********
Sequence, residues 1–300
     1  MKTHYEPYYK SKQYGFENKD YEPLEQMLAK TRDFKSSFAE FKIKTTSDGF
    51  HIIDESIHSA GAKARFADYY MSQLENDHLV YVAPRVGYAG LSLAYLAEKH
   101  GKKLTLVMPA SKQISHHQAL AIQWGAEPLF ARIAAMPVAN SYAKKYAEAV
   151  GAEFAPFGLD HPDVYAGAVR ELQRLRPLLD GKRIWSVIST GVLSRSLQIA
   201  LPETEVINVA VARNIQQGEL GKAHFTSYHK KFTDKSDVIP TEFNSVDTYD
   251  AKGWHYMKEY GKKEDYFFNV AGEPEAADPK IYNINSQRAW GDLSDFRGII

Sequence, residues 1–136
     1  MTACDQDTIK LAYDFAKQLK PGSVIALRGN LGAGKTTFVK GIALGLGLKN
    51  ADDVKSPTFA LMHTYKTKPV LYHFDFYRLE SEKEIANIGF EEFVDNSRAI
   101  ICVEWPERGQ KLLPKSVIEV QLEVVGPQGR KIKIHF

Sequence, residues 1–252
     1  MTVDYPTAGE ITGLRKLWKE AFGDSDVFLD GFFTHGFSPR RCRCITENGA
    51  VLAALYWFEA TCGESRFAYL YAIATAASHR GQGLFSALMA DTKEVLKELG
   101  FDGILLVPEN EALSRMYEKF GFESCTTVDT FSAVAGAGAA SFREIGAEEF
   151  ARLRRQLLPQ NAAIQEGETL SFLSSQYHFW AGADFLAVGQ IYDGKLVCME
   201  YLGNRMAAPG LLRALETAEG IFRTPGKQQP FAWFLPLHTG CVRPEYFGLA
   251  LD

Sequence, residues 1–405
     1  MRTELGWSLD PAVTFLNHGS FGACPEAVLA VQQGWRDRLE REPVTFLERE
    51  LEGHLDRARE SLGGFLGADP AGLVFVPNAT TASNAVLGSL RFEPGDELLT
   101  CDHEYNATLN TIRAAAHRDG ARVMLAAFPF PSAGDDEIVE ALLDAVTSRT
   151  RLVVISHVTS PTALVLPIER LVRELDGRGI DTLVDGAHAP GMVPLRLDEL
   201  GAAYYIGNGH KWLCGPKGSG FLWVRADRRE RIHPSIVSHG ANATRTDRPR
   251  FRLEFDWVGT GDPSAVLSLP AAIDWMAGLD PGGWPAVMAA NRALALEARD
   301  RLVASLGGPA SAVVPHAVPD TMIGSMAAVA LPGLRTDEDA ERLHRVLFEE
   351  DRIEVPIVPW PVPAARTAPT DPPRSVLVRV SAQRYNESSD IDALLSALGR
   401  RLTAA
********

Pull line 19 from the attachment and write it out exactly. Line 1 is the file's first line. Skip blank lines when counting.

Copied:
Sequence, residues 1–405